What makes a good futuristic romance hero? In my opinion, the exact same things that make a good romance hero, period. Of course, these are just guidelines and made to be broken.
The hero has a code of honor
It might not match society's idea of honor, but he strives to always live up to his own code.
Since my heroes have all been military or paramilitary, they tend to adhere to the normal social ideal of honor. However, in The Skypirate Justine Davis creates a hero who attacks coalition shipping. This is definitely not considered a good thing by the powers that be, but the coalition is a corrupt entity and by attacking it, the hero feels he's striking a blow for the planets that were overtaken by this imperial power.
We also see a lot of a personal code of honor in vampire books. The hero either only takes enough blood to live on, leaving the donor with a pleasurable interlude or, if he kills his prey, it's always the dregs of society, the kind of bad guys that few readers will feel any remorse over. If the vampire loses his control and accidentally kills an innocent, he's been tortured by this from the day it happened--even if it's been hundreds of years. I can't think of one instance where a vampire hero in a romance has killed someone "undeserving" for regular feeding.
Heroes are protective and reliable
These men might be as alpha as all get out, but they'll die to protect someone they perceive as weaker than they are--even if it's with great reluctance--and the heroine can rely on him to help her no matter what the circumstances.
I've noticed a pattern in my books. No matter what else is going on around them, the hero and heroine are always a team, able to rely on each other one hundred percent. They might not trust each other, in fact, in Through a Crimson Veil, Conor was damn pissed off at Mika for the lies she told, but despite all that, he continued to protect her and Mika knew he'd never let anything happen to her.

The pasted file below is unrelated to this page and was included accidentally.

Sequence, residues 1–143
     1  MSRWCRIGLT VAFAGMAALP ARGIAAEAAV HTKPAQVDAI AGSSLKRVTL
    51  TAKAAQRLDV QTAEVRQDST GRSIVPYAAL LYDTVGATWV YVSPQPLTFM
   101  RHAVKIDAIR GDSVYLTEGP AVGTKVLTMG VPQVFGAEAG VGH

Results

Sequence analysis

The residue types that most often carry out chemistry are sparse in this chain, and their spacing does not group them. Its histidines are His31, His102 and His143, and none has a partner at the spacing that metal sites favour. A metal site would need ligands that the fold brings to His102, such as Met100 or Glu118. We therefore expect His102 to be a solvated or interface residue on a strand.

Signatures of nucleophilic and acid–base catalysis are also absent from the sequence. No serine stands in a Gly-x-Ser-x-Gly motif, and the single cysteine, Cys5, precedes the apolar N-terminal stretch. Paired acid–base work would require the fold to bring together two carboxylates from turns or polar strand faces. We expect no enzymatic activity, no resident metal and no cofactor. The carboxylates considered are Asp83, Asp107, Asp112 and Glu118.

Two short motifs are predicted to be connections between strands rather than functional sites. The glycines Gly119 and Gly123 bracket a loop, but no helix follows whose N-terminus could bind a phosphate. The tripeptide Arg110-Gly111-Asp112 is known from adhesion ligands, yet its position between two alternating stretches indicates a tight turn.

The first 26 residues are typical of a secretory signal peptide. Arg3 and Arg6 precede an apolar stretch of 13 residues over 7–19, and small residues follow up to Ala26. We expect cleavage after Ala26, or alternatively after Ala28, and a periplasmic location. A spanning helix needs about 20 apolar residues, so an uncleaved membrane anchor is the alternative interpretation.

Heroes are self-reliant
They don't whine to others, they take care of their own problems.
In Janice Tarantino's The Crystal Prophecy, not only is the hero self-reliant, surviving a situation that felled other lords around him, he also is able to shoulder the burden placed on him by The Widows and take the steps necessary to save their society.
Heroes have an emotional vulnerability
No matter how tough they are, they need love.
I tend to write heroes who are loners, with few connections to others (Eternal Nights is the one exception) and this is part of the emotional vulnerability. We all know these guys need to be loved. The most extreme example in my writing is Conor from Through a Crimson Veil. Through no fault of his own, he was rejected by his mother--she refused to even touch him if she could help it--and to protect himself emotionally, he built a fortress around himself. Then Mika comes along and tells him she loves him--often. He wants to believe, but he doesn't quite dare. In the course of the book, Conor inches forward toward trusting and believing that he really is worthy of love.
The difference between regular heroes and futuristic romance heroes
IMO, the main difference is the futuristic hero can be larger than life beyond what most authors can do with a contemporary hero. Sure, he can be a galactic police officer, but he can also be Prince of Planet X, out to save the galaxy from the evil empire.
But whether he's a futuristic rebel out to topple a corrupt totalitarian government or a contemporary hero who's out to catch a murderer, the reader has to care about the character.